GOODYEAR, Ariz. -- Top Reds prospect Nick Senzel is no stranger to change.
MLB.com's No. 6 overall prospect and the second overall pick in the 2016 Draft joined the organizaton as a third baseman with one of the best bats in his class.
In his first two years in the Minor Leagues, Senzel primarily played shortshop. Last season, with third base blocked at the Major League level by Eugenio Suarez, the Reds shifted Senzel to a utility infield role. Now he's taken his second Spring Training with the big club as a chance to win the everyday center field job, regardless of the fact that he's only been playing the outfield for less than a year.
"When the opportunity arose, I just knew I had good coaches and mentors to work with, and they've made it as simple as possible for me," Senzel said. "I have moved around a lot, but it's hard to pick out ... certain challenges about the position. I haven't really thought about it, actually. They've just let me go out and play and use my athleticism."
That's how Senzel prefers it. The 24-year-old isn't big on analytics and analysis. Instead, he relies on hard work and routine.
"It's like hitting," he said. "I've never been a big 'study the swing' guy, look at video, analytical sort. I take that same approach on a new position that I'm just learning. I try to pick up things as I go and game experience is the most valuable."
Senzel has plenty of game experience, although he was plagued by injuries last year. His first stint with Triple-A Louisville ended in June when he fractured his right index finger and required season-ending surgery. Still, he was able to show his versatility, playing 28 games at second base, 14 at third and one at shortstop, all while putting up a .310/.378/.509 slash line with six homers and 25 RBIs.
Video: Senzel drills solo shot for Bats
That versatility inevitably came in handy when the Reds kicked off Spring Training with just one everyday position open. That was center field, and with the Reds trying to add Senzel's bat sooner rather than later, the idea of transforming him into an outfielder began.
"He's shown us that he can play center field -- not that he has it all figured out -- but that he has the ability to play out there," manager David Bell said. "We love his approach to the game. He's very competitve and he's going to have a long career, no matter what position he's in. What he's shown us this spring is that he's going to work hard."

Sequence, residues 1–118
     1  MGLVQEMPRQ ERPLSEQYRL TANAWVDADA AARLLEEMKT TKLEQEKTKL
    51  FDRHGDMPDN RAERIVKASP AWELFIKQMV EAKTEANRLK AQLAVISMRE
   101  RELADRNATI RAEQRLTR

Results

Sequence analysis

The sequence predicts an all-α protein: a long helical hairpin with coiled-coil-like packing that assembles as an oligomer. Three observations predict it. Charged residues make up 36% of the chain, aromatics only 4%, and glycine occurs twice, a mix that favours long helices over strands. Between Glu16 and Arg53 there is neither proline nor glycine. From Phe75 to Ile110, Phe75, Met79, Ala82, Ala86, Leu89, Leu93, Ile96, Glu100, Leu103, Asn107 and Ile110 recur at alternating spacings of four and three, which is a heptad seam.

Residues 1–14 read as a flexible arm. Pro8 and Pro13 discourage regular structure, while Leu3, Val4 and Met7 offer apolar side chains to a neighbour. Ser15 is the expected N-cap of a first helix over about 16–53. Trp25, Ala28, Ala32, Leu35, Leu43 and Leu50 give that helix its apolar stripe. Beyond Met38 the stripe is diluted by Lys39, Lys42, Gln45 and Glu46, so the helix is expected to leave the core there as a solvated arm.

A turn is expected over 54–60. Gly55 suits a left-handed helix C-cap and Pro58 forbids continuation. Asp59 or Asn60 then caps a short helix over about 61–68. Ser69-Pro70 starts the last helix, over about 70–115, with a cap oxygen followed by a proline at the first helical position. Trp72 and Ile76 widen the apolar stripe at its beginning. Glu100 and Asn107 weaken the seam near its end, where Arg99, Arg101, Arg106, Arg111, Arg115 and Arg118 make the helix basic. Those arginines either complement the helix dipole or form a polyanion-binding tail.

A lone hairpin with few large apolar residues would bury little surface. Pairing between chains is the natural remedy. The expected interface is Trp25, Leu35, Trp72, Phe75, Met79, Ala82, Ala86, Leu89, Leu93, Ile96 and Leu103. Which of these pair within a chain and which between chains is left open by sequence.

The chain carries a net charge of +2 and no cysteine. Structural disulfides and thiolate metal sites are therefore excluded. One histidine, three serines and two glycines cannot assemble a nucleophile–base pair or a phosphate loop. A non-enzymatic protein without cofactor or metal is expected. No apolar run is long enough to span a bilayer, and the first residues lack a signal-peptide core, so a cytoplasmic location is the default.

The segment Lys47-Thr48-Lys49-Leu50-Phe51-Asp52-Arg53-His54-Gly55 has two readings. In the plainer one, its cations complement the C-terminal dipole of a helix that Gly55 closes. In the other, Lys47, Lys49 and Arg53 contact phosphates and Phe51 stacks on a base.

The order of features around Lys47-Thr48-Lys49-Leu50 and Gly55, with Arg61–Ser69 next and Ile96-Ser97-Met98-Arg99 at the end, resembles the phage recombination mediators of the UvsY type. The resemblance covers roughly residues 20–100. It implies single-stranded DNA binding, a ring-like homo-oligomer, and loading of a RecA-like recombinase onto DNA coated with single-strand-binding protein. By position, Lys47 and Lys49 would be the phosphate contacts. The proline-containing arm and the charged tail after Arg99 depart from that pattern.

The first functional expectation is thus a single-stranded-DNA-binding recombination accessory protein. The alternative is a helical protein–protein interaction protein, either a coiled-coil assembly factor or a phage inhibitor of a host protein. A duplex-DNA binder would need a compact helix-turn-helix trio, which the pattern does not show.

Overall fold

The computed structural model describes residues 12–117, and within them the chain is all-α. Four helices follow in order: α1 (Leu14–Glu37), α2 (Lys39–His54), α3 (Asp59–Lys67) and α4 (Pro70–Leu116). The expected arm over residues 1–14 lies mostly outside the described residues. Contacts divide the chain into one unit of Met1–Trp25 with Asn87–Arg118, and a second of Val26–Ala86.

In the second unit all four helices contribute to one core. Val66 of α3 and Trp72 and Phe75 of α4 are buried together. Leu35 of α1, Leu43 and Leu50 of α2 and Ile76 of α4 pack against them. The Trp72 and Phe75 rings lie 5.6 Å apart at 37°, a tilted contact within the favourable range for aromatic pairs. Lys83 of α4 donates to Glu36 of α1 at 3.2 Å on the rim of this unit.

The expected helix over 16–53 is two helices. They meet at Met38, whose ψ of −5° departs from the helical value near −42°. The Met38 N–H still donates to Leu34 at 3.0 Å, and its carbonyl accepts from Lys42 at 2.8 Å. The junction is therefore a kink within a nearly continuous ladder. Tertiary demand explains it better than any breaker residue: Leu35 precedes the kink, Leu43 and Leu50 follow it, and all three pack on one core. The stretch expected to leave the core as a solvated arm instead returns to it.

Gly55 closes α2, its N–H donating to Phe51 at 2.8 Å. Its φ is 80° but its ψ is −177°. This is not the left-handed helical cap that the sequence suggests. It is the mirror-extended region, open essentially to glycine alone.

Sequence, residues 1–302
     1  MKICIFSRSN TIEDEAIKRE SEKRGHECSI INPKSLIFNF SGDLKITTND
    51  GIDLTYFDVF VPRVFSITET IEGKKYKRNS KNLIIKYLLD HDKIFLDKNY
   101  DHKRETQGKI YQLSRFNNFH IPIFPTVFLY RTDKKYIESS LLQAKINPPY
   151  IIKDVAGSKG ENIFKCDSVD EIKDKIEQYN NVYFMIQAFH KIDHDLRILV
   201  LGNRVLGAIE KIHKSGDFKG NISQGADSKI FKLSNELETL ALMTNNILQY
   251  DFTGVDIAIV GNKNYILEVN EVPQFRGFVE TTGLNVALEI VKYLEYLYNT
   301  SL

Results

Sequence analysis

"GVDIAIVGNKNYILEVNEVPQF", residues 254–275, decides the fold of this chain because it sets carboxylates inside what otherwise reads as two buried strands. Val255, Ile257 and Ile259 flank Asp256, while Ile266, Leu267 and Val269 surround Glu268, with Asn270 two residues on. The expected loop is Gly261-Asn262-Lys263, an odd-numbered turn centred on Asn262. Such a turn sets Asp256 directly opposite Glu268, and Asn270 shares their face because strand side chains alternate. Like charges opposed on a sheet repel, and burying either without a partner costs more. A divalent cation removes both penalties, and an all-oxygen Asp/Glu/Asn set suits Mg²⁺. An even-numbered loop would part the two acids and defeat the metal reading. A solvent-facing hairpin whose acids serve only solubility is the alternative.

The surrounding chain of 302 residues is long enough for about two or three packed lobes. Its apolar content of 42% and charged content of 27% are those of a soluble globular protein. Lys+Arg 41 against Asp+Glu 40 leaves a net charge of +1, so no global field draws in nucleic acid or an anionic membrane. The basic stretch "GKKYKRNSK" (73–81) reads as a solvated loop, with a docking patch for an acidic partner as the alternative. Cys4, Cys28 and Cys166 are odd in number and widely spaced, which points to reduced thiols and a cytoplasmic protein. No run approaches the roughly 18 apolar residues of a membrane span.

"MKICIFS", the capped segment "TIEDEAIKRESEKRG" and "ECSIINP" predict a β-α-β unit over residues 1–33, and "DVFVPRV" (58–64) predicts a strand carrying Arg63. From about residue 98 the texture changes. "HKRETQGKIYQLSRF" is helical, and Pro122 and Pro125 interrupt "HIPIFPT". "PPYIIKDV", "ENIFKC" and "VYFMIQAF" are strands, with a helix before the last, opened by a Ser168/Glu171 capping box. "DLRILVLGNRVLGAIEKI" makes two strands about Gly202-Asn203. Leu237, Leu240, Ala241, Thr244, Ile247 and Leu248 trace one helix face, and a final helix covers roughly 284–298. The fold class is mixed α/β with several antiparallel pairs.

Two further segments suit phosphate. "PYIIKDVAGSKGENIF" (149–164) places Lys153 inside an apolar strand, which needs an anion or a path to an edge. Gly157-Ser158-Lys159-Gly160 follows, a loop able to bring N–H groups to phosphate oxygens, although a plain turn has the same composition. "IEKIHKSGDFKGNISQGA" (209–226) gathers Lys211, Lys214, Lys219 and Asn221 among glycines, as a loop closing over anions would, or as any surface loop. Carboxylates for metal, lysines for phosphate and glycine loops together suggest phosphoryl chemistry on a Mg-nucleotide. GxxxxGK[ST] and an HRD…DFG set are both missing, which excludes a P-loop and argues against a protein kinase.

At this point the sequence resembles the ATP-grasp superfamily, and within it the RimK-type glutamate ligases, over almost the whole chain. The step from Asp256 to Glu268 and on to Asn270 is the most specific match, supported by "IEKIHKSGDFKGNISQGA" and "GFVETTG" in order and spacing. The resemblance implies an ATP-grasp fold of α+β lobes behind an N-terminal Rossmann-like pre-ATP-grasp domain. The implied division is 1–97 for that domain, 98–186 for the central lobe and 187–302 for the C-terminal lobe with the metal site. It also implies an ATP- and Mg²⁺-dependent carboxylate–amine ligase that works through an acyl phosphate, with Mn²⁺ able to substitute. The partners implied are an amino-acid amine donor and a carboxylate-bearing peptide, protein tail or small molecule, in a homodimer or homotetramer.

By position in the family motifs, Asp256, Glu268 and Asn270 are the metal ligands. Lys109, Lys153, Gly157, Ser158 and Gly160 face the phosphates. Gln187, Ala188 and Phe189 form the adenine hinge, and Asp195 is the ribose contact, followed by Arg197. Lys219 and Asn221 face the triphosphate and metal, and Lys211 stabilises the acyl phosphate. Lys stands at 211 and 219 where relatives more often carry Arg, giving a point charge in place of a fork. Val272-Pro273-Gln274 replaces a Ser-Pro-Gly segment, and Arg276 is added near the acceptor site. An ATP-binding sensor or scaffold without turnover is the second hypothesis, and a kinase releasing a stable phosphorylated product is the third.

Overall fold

That work ethic is something in which Senzel takes pride. While most top prospects competing for a spot on the Opening Day roster may find themselves pressing to perform, the University of Tennessee product is more easygoing. He'd rather play the game and let his instincts take over.
"You put more added extra pressure, pressing, it makes the game a lot harder," he said. "The game is already hard as it is, especially at this level. You're facing top-tier starters, you're with the starting guys. I just try to make it as simple as possible."
He's succeeding. With a little more than a week to go before Opening Day, Senzel is still in big league camp and still making a push to start in center. And while he's known for his offensive potentially, he was adament that he doesn't want to be known for just his bat.
Offseason MiLB include
"Defensively, I've worked extremely hard to become a good third baseman, to learn short, to become a good second baseman and now to be a good center fielder," he said. "I know [hitting] is the label on me, but I want to be good in all areas of the game."
Because Senzel is so new to the position, the Reds may be hesitant to pencil him in for Opening Day. And while there are only a handful of Cactus League games left, Bell said the best thing for Senzel to do is keep playing.
"It's the experience at this point. He's done all the drills he could possibly do," Bell said. "The thing that he's really going to need is just to continue to play in games. A lot of those games are going to be in Spring Training and potentially at the big league level, but we're not going to put him in a position that we don't think he can handle."
Senzel, however, is confident he's done what he's needed to do to prove he can handle this latest transition.
"At the end of the day, I feel like I've done everything I can do to put myself in a good position to make the team and show them that I can play center field," he said. "It's not ultimately up to me when it comes down to the final decision, but just knowing I've done everything I can is what makes it a little bit easier for me."